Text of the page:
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abstract = "Purpose To determine whether a dose-response relationship exists for salvage radiation therapy (RT) of biochemical failure after prostatectomy for prostate cancer. Methods and Materials Individual data from 1108 patients who underwent salvage RT at 10 academic centers were pooled. The cohort was enriched for selection criteria more likely associated with tumor recurrence in the prostate bed (margin positive and pre-RT prostate-specific antigen [PSA] level of ≤2.0 ng/mL) and without the confounding of planned androgen suppression. The cumulative incidence of biochemical failure and distant metastasis over time was computed, and competing risks hazard regression models were used to investigate the association between potential predictors and these outcomes. The association of radiation dose with outcomes was the primary focus. Results With a 65.2-month follow-up duration, the 5- and 10-year estimates of freedom from post-RT biochemical failure (PSA level >0.2 ng/mL and rising) was 63.5{\%} and 49.8{\%}, respectively, and the cumulative incidence of distant metastasis was 12.4{\%} by 10 years. A Gleason score of ≥7, higher pre-RT PSA level, extraprostatic tumor extension, and seminal vesicle invasion were associated with worse biochemical failure and distant metastasis outcomes. A salvage radiation dose of ≥66.0 Gy was associated with a reduced cumulative incidence of biochemical failure, but not of distant metastasis. Conclusions The use of salvage radiation doses of ≥66.0 Gy are supported by evidence presented in the present multicenter pooled analysis of individual patient data. The observational reporting method, limited sample size, few distant metastasis events, modest follow-up duration, and elective use of salvage therapy might have diminished the opportunity to identify an association between the radiation dose and this endpoint.",
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T1 - Salvage Radiation Therapy Dose Response for Biochemical Failure of Prostate Cancer After Prostatectomy—A Multi-Institutional Observational Study

AU - Pisansky, Thomas M.

AU - Agrawal, Shree

AU - Hamstra, Daniel A.

AU - Koontz, Bridget F.

AU - Liauw, Stanley L.

AU - Efstathiou, Jason A.

AU - Michalski, Jeff M.

AU - Feng, Felix Y.

AU - Abramowitz, Matthew C

AU - Pollack, Alan

AU - Anscher, Mitchell S.

AU - Moghanaki, Drew

AU - Den, Robert B.

AU - Stephans, Kevin L.

AU - Zietman, Anthony L.

AU - Lee, W. Robert

AU - Kattan, Michael W.

AU - Stephenson, Andrew J.

AU - Tendulkar, Rahul D.

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N2 - Purpose To determine whether a dose-response relationship exists for salvage radiation therapy (RT) of biochemical failure after prostatectomy for prostate cancer. Methods and Materials Individual data from 1108 patients who underwent salvage RT at 10 academic centers were pooled. The cohort was enriched for selection criteria more likely associated with tumor recurrence in the prostate bed (margin positive and pre-RT prostate-specific antigen [PSA] level of ≤2.0 ng/mL) and without the confounding of planned androgen suppression. The cumulative incidence of biochemical failure and distant metastasis over time was computed, and competing risks hazard regression models were used to investigate the association between potential predictors and these outcomes. The association of radiation dose with outcomes was the primary focus. Results With a 65.2-month follow-up duration, the 5- and 10-year estimates of freedom from post-RT biochemical failure (PSA level >0.2 ng/mL and rising) was 63.5% and 49.8%, respectively, and the cumulative incidence of distant metastasis was 12.4% by 10 years. A Gleason score of ≥7, higher pre-RT PSA level, extraprostatic tumor extension, and seminal vesicle invasion were associated with worse biochemical failure and distant metastasis outcomes. A salvage radiation dose of ≥66.0 Gy was associated with a reduced cumulative incidence of biochemical failure, but not of distant metastasis. Conclusions The use of salvage radiation doses of ≥66.0 Gy are supported by evidence presented in the present multicenter pooled analysis of individual patient data. The observational reporting method, limited sample size, few distant metastasis events, modest follow-up duration, and elective use of salvage therapy might have diminished the opportunity to identify an association between the radiation dose and this endpoint.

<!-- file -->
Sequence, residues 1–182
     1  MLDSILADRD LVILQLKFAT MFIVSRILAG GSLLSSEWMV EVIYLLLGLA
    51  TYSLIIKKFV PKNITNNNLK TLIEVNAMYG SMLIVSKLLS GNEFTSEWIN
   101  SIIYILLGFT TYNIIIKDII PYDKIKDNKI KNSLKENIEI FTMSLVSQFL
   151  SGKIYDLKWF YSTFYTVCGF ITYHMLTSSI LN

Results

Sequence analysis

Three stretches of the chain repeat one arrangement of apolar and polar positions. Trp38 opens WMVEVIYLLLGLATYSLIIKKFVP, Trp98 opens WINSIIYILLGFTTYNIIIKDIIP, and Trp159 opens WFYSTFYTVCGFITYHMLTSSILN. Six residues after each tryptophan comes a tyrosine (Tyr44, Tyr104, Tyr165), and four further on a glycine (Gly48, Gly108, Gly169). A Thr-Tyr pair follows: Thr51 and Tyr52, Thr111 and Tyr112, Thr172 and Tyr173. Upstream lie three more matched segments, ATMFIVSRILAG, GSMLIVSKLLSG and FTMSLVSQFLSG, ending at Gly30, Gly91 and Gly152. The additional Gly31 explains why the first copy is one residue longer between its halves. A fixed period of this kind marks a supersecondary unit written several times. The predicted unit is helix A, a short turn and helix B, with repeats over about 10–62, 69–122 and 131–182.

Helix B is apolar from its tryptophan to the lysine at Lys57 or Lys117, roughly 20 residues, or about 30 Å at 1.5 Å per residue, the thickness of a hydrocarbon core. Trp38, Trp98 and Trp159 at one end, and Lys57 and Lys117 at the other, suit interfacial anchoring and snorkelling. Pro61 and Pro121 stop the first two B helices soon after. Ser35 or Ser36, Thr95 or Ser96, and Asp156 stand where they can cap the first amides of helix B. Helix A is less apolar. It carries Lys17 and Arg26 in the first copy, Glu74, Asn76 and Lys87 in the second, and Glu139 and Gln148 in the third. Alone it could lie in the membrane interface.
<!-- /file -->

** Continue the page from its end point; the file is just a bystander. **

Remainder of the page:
AB - Purpose To determine whether a dose-response relationship exists for salvage radiation therapy (RT) of biochemical failure after prostatectomy for prostate cancer. Methods and Materials Individual data from 1108 patients who underwent salvage RT at 10 academic centers were pooled. The cohort was enriched for selection criteria more likely associated with tumor recurrence in the prostate bed (margin positive and pre-RT prostate-specific antigen [PSA] level of ≤2.0 ng/mL) and without the confounding of planned androgen suppression. The cumulative incidence of biochemical failure and distant metastasis over time was computed, and competing risks hazard regression models were used to investigate the association between potential predictors and these outcomes. The association of radiation dose with outcomes was the primary focus. Results With a 65.2-month follow-up duration, the 5- and 10-year estimates of freedom from post-RT biochemical failure (PSA level >0.2 ng/mL and rising) was 63.5% and 49.8%, respectively, and the cumulative incidence of distant metastasis was 12.4% by 10 years. A Gleason score of ≥7, higher pre-RT PSA level, extraprostatic tumor extension, and seminal vesicle invasion were associated with worse biochemical failure and distant metastasis outcomes. A salvage radiation dose of ≥66.0 Gy was associated with a reduced cumulative incidence of biochemical failure, but not of distant metastasis. Conclusions The use of salvage radiation doses of ≥66.0 Gy are supported by evidence presented in the present multicenter pooled analysis of individual patient data. The observational reporting method, limited sample size, few distant metastasis events, modest follow-up duration, and elective use of salvage therapy might have diminished the opportunity to identify an association between the radiation dose and this endpoint.